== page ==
* All available payment/billing information.]]

This data is shared between the European Union, USA, Canada and Australia (at least).
travel  surveillance  flight  privacy  PNR  awareness 
november 2016 by dandv
The FCC just passed sweeping new rules to protect your online privacy - The Washington Post
“This was probably the best day we've had on Internet privacy — commercial Internet privacy — maybe ever,” said Jeffrey Chester, executive director of the Center for Digital Democracy.

Ordinary consumers are unlikely to see an immediate impact from the FCC ruling

The new rules, which could face a legal challenge from affected companies, require Internet providers to obtain their customers’ explicit consent before using or sharing sensitive data with third parties, such as marketing firms. That could mean dialogue boxes, new websites with updated privacy policies or other means of interaction with companies, which may offer discounts or other incentives to customers who voluntarily consent to online tracking.

The FCC vote also restricts trading in health data, financial information, Social Security numbers and the content of emails and other digital messages. The rules force service providers to tell consumers what data they collect and why, as well as to take steps to notify customers of data breaches.
privacy  USA  carrier  ISP 
october 2016 by dandv
Pinboard.in developer talks about surveillance and tech
[[This summer I took a long train ride from Vienna to Warsaw.

It struck me as I looked out window for hour after hour that everything I was seeing—every car, house, road, signpost, even every telegraph pole—had been built after 1990. I'd been visiting Poland regularly since I was a kid, but the magnitude of the country's transformation hadn't really sunk in before. And I felt proud.

In spite of all the fraud, misgovernment, incompetence, and general Polishness of the post-communist transition, despite all our hardships and failures, in twenty years we had made the country look like Europe. The material basis of people's lives was incomparably better than it had been before.


I'd like to ask, how many of you have been to San Francisco (about a quarter of the audience raises their hands).

How many of you were shocked by the homelessness and poverty you saw there? (most of the hands stay up.)

For the rest of you, if you visit San Francisco, this is something you're likely to find unsettling. You'll see people living in the streets, many of them mentally ill, yelling and cursing at imaginary foes. You'll find every public space designed to make it difficult and uncomfortable to sit down or sleep, and that people sit down and sleep anyway. You'll see human excrement on the sidewalks, and a homeless encampment across from the city hall. You'll find you can walk for miles and not come across a public toilet or water fountain.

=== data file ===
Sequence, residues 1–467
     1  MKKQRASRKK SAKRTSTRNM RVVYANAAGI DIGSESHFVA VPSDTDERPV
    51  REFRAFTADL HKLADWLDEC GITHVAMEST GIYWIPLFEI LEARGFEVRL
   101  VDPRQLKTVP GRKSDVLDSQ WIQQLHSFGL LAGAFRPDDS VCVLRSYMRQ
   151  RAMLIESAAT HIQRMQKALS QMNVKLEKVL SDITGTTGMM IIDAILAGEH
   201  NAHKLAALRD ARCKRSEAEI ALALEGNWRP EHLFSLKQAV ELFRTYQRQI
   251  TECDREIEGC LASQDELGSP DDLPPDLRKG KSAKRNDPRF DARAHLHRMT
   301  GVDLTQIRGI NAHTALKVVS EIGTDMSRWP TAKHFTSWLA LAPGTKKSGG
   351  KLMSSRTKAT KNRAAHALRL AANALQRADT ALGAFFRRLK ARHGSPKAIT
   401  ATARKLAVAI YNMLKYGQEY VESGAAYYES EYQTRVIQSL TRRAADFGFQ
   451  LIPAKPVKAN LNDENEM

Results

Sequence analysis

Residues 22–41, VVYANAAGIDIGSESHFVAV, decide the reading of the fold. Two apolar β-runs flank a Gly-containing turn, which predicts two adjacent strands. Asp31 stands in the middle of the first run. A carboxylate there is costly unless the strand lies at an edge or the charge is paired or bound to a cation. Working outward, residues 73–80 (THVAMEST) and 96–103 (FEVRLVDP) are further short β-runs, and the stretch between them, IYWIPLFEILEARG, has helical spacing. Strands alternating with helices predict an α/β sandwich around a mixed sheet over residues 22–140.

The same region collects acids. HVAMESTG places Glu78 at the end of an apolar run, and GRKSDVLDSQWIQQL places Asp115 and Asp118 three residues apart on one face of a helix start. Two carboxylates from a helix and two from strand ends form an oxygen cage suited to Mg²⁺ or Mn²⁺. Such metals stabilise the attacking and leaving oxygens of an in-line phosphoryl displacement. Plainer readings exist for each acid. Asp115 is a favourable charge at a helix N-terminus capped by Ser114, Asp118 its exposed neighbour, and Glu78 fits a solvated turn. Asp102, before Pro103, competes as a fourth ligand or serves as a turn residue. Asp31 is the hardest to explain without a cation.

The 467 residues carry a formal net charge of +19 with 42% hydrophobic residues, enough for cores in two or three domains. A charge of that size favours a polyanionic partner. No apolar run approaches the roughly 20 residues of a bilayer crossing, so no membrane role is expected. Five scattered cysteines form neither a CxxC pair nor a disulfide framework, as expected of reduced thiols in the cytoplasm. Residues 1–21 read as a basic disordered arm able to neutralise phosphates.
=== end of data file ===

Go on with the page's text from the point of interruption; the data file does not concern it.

If you stay in the city for any length of time, you'll start to notice other things. Lines outside every food pantry and employment office. Racially segregated neighborhoods where poverty gets hidden away, even in the richest parts of Silicon Valley. A city bureaucracy where everything is still done on paper, slowly. A stream of constant petty crime by the destitute. Public schools that no one sends their kids to if they can find an alternative. Fundraisers for notionally public services.

You can't even get a decent Internet connection in San Francisco.

The tech industry is not responsible for any of these problems. But it's revealing that through forty years of unimaginable growth, and eleven years of the greatest boom times we've ever seen, we've done nothing to fix them. I say without exaggeration that the Loma Prieta earthquake in 1989 did more for San Francisco than Google, Facebook, Twitter, and all the rest of the tech companies that have put down roots in the city since.

Despite being at the center of the technology revolution, the Bay Area has somehow failed to capture its benefits.]]

[[Ubiquitous surveillance and the sales techniques it made possible increased revenue by fifteen, twenty, even thirty percent.

Depending on estimates, ad fraud consumes from 10-50% of your ad budget. In some documented cases, over 90% of the ad traffic being monitored was non-human.

So those profits to advertisers from mass surveillance—the fifteen to thirty percent boost in sales I mentioned—are an illusion.

Advertisers end up right back where they started,still not knowing which half of their advertising budget is being wasted. Except in the process they've destroyed our privacy.